From the gifs that cracked us up to the books that blew our minds, your friends at Colorlines have some very strong opinions about the best of 2017. Today, senior digital communications strategist Chevon Drew reflects on the greatness of “Get Out,” directed by Jordan Peele.

The truth is, I was too scared to watch “Get Out.” People on Twitter were going on and on about how thrilling Jordan Peele’s movie was, but the mysteriously dark trailer gave me the chills. I had convinced myself that watching a film that ”makes fictional horror out of real racism,” as my colleague Sameer Rao wrote, would be like pouring salt in the open wound of all the racism I’d experienced and read about this year.

I relented after Reggie Ossé,* one of my mentors, the host of the ”Combat Jack” podcast and a serious horror fan, strongly suggested I buy a ticket. He promised that despite the intensely unsettling trailer, the film wouldn’t scare me right out of my socks.

I’ve never appreciated a film recommendation more.

“Get Out” was made for someone like me. I’ve been critical of media since I was a preteen, consistently questioning everything from colorism in casting to a lack of racial sensitivity from companies responsible for reporting the news. By the time I reached college, I’d sworn off of seeing any film with an all-White cast or a White lead I deemed mediocre. I was polite but firmly vocal about my commitment. Let me tell you, it made for a few lonely Friday nights!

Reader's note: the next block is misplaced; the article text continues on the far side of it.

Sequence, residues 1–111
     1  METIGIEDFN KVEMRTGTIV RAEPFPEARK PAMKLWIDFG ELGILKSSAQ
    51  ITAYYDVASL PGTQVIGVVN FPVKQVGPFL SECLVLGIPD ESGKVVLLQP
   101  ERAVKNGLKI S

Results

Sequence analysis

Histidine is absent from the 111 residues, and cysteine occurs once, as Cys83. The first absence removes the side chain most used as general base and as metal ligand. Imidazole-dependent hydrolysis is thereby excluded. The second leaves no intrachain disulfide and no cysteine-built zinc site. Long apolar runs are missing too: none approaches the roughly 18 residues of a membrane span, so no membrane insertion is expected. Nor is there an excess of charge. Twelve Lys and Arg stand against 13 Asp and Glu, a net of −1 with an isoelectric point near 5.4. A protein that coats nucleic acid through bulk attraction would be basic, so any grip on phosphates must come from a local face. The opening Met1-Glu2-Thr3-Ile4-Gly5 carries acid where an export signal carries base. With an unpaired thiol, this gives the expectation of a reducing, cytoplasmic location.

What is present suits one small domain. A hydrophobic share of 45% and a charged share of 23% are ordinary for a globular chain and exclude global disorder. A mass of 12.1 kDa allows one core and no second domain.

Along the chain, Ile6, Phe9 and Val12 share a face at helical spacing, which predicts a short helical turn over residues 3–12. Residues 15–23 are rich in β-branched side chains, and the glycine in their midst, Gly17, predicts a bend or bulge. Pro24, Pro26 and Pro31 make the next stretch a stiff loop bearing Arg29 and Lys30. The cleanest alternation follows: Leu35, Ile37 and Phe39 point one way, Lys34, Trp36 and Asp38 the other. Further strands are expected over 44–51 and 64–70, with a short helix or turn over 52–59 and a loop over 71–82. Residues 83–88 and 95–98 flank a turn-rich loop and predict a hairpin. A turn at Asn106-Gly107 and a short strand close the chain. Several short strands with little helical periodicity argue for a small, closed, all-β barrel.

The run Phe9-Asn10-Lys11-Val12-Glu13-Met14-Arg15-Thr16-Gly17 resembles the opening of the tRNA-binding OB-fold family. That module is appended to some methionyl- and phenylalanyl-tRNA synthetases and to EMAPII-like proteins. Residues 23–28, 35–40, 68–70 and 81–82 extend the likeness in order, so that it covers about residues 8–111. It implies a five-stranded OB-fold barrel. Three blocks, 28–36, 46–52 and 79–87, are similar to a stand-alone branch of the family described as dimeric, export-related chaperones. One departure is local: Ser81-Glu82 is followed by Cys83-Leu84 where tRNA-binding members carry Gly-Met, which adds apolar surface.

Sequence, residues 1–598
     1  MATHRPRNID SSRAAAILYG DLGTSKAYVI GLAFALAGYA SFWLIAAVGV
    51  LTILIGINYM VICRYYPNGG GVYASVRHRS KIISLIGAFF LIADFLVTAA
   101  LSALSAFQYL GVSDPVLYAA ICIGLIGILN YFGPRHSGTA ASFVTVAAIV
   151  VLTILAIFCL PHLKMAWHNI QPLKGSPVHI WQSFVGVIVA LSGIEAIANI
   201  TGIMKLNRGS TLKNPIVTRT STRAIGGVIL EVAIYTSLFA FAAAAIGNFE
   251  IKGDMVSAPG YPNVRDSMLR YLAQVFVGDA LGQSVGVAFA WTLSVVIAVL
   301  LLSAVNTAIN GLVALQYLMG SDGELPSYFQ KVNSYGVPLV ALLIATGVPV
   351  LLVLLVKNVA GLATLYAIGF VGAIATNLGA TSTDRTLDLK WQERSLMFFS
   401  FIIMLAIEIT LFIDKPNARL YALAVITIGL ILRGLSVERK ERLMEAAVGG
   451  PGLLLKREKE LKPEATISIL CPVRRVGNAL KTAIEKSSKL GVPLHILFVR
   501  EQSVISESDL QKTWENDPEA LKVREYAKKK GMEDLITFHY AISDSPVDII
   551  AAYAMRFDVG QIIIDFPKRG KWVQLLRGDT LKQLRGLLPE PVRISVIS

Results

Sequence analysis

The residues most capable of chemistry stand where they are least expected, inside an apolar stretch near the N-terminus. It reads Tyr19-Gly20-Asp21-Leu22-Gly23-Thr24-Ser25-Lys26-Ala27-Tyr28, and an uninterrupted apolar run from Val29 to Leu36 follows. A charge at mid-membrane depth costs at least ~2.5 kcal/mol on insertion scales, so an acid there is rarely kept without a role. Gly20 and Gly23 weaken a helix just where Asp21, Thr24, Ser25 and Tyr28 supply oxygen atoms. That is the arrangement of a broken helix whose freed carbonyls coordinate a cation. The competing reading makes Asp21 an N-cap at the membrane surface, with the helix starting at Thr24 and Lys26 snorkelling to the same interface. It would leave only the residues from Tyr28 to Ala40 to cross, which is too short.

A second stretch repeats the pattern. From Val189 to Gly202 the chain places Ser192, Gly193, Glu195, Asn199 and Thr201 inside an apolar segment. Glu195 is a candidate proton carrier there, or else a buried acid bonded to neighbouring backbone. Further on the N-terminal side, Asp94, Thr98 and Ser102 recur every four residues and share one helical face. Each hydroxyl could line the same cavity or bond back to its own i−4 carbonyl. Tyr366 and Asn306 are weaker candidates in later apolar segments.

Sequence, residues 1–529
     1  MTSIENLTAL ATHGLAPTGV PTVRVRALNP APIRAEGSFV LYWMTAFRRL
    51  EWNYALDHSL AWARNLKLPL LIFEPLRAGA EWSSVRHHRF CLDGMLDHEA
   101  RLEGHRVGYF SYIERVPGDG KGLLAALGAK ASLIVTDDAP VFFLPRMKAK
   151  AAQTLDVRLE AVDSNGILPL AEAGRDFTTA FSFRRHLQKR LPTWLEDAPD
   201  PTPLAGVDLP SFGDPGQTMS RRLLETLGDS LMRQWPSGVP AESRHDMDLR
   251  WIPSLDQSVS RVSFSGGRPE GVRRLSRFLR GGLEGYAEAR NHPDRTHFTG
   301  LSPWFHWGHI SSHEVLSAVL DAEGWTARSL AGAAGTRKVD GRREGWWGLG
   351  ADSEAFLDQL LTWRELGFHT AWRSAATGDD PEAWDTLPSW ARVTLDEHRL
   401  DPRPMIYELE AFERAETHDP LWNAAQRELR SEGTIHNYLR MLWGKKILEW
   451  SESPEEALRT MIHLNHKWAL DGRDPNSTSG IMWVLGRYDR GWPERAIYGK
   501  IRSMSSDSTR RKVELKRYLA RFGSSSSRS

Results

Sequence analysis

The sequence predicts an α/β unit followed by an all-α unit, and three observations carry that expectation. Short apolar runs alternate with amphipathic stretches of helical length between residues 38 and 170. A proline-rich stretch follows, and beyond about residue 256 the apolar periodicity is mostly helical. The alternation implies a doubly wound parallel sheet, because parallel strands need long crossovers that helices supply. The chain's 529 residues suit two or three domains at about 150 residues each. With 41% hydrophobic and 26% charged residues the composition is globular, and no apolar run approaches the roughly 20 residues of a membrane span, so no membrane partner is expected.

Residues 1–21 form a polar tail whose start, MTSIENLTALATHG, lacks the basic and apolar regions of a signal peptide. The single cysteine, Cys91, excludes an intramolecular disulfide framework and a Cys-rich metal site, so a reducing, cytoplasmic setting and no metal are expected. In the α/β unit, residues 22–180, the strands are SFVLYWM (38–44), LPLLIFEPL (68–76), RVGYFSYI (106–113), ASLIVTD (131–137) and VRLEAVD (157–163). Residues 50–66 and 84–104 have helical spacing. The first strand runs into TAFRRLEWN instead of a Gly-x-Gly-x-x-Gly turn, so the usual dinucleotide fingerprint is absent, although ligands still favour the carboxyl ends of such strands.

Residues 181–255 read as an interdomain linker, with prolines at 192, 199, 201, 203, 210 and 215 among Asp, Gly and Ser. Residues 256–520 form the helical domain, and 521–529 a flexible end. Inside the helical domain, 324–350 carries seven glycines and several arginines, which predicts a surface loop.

I cheered April Reign’s #OscarsSoWhite movement and amplified Ava DuVernay’s  Array Now movement. I smiled as Black actors racked up trophies at the Academy Awards and more people of color joined the Oscar voting ranks. I wanted to see Black people winning on screen and behind the camera, more than anything else I’d ever hoped to have happen in the entertainment industry.

“Get Out” is my proof that if you wait and hold tight to your coin purse in opposition to the media you don’t like, the universe just may send you a horror film where, instead of dying at the beginning, the Black character wins. “Get Out” might as well be a holiday movie.

I’m clear that, on its own, representation in media cannot fix systemic racism, but seeing more Black people acting, producing and directing films means money is going into the pockets of people of color to tell our collective stories.

TV Show: Queen Sugar
Album: “Coloring Book,” by Chance the Rapper (It came out in 2016, but I’m still playing it!)
Song: ”All the Way Up,” by Remy Ma feat. Fat Joe 
Book: ”Hunger,” by Roxanne Gay
Podcast: “The Combat Jack Show
Social Media Campaign: #MeToo
Creator: Mimi Plange
Meme: Arthur’s clenched fist

via Know Your Meme A brown animated fist clenched

*Rest in power to my friend Reggie. Love and comfort to his family and all the people he touched.